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21 October 2001 @ 11:30 pm
i'm silly  
Emode claims that i have an Emotional IQ of 117. I have no idea if that is anywhere near accurate or not.

IQ Test

It says my IQ is 126, however the test has some of the dumbest questions i've ever seen. For several questions i came up with good reasons why more than one of the answers should be valid, which makes it a bit difficult to pick the single correct answer =)

It also claims that 130 and above is genius level, which i don't seem to remember as being right. Either they're scaling differently than the "standard" IQ, or the test is just wrong about a lot of things =)
 
 
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Life Rebootedhopeforyou on October 22nd, 2001 12:45 am (UTC)
for what it's worth...
I agree with your assessment about the IQ test. One particular question which irked me:

#17:
Which one of these five is least like the other four?
a)Mule
b)Kangaroo
c)Cow
d)Deer
e)Donkey

That's a fucked up question. A mule is sterile, and the offspring of a horse and a donkey. A kangaroo is a marsupial. Of all those, I believe deer are the only ones shown to be polygamous in behavior (I could be wrong on that one, though).
What is their benchmark for "least like"? Beats me.

And there is cultural bias in the test because some of the "fill-in-blank with the best choice" statements are based on hackneyed expressions one hears in the US and perhaps not other places. I'm not sure I had heard all of them myself.

I give the IQ test developers 100. It's a bit below average, but probably generous.
DonAithnendonaithnen on October 23rd, 2001 02:17 am (UTC)
Re: for what it's worth...
Yes, the "least like" ones are very annoying. Question i forget what: which is least like blah blah: Coconut, apple, banana, grape, pear.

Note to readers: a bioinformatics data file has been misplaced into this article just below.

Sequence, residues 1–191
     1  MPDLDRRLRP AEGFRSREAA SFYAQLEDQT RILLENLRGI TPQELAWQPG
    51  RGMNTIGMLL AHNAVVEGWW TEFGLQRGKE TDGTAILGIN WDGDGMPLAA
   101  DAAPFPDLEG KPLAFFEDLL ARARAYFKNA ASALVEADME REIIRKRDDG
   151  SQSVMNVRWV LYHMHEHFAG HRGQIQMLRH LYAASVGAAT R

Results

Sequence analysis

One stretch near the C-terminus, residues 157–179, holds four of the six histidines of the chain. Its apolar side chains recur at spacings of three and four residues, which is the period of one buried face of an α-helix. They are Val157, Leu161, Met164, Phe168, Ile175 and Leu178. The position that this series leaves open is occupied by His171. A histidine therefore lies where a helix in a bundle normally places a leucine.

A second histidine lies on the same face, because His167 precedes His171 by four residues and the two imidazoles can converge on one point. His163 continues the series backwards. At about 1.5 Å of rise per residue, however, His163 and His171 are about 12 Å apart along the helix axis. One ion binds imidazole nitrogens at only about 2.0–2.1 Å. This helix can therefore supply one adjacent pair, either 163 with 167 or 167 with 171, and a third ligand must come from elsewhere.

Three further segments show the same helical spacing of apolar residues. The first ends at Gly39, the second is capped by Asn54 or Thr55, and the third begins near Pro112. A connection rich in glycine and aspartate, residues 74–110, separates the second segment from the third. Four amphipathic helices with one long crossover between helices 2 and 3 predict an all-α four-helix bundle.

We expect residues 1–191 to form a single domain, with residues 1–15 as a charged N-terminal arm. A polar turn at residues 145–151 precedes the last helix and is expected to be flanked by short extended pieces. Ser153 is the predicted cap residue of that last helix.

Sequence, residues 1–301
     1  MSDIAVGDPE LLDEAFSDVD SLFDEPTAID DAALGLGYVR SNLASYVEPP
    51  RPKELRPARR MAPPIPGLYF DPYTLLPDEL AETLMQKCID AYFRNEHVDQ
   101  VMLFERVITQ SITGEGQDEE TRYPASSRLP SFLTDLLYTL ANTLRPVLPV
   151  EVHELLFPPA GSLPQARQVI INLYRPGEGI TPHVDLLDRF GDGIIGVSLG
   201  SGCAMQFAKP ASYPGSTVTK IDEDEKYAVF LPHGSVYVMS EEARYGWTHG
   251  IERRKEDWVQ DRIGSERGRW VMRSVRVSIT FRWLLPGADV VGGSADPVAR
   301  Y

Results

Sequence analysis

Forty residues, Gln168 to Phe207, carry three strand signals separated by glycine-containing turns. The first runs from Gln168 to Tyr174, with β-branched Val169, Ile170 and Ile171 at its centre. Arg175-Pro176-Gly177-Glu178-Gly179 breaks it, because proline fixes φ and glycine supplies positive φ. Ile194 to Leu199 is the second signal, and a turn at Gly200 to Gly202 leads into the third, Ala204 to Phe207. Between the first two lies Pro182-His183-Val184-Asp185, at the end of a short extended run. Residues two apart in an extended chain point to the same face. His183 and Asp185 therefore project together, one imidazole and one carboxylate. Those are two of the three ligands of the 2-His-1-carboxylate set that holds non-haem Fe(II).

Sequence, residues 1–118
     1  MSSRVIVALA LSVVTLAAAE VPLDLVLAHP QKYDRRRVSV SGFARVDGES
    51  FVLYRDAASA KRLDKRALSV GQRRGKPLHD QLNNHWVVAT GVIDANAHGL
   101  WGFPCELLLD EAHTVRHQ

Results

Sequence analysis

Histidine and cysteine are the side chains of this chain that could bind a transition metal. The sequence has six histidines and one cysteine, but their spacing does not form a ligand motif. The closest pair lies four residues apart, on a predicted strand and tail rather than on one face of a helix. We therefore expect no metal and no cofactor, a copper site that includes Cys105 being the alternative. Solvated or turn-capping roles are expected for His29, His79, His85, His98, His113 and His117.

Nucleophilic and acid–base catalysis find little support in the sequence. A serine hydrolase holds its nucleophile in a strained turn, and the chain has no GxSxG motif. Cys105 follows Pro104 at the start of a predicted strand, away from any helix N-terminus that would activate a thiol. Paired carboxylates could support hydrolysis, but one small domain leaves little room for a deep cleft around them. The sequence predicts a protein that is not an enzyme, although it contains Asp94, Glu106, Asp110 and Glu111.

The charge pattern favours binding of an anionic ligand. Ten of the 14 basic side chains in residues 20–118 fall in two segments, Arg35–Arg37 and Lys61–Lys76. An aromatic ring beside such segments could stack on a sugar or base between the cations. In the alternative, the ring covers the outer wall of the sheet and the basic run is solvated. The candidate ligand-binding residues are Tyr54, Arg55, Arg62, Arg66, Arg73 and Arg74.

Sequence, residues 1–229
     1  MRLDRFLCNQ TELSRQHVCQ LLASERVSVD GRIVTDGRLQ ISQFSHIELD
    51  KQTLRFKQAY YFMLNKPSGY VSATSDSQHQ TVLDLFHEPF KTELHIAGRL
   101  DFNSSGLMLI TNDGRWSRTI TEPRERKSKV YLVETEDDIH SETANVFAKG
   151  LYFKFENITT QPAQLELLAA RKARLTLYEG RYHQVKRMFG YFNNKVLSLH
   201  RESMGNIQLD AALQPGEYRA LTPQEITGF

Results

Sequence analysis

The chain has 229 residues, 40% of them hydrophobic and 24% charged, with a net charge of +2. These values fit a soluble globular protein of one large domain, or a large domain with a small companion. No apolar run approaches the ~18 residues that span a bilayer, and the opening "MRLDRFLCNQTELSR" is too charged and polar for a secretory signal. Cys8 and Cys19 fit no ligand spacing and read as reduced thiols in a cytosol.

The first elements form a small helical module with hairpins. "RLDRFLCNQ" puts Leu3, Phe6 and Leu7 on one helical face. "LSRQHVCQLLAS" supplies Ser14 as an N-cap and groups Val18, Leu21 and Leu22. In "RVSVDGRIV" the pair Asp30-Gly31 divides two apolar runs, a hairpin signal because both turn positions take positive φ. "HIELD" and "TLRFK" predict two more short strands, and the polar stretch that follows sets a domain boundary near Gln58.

My first thought was coconut, because it is the only one that's hollow, and that to the best of my knowledge is a single seed. However grapes come in bunches, although bananas come in groups. Bananas are the only one that isn't generally roundish in shape. Grapes are the only ones i know of that come in a seedless variety, although no one ever notices the seeds in bananas anyway. Apples are the only ones i know of that contain cyanide in their seeds, although that might be true of pears and grapes as well.

Or question number seven: John likes 400 but not 300; he likes 100 but not 99; he likes 2500 but not 2400. Which does he like: 900, 1000, 1100, 1200.

At first glance i thought it was that he didn't like things divisible by threes, but there were more than one answer that wasn't divisible by three. Then i discovered that all the numbers he liked when divded by three had a remainder of a third, and only one of the four choices when divided by three had a remainder of a third. Without any other information to go on, this is just as valid an answer as any other. However knowing that it probably wasn't what they had in mind, i kept going. They don't want you to figure out what the pattern is, because there could be many valid patterns. It's not even stated outright that there is a pattern, it's just assumed. They want you to figure out which patter is obvious to the test makers. Isn't it obvious from the way the question is worded?

Each of the numbers he likes is a number squared times 100, which is also only matched by one of the choices. I went with that once since it seemed a little more "obvious" that the previous valid pattern, and i was tired of trying to intuit what the questioners meant.

I agree about the extreme cultural bias as well, however i personally find the lack of clarity issue to be more annoying, just because i've been nailed by it many times before. Test makers don't seem to get the idea that intelligent people will view problems in more than one way, and if they aren't specific, there may be more than one answer possible. There were a couple of other questions that i forget now, that i could have answered completly differently if i'd applied strict logic to the statement, but in which the questioners unstated intent was obvious.

I'm reminded of Zelazny's second Amber series, when Merlin is given a riddle by a Sphinx, and Merlin gives an answer that fits the Sphinx's description, and the Sphinx claims that the answer is wrong. Merlin counters that his answer fits, and if the Sphinx is unspecific enough in his riddles to narrow it down to only one answer possible, then he is obliged to accept any answer that matches his description.